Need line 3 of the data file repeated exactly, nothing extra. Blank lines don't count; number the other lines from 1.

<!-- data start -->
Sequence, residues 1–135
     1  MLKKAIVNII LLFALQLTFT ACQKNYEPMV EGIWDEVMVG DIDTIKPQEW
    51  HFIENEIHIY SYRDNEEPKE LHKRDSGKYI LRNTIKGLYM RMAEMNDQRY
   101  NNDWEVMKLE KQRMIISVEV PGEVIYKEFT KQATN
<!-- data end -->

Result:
    51  HFIENEIHIY SYRDNEEPKE LHKRDSGKYI LRNTIKGLYM RMAEMNDQRY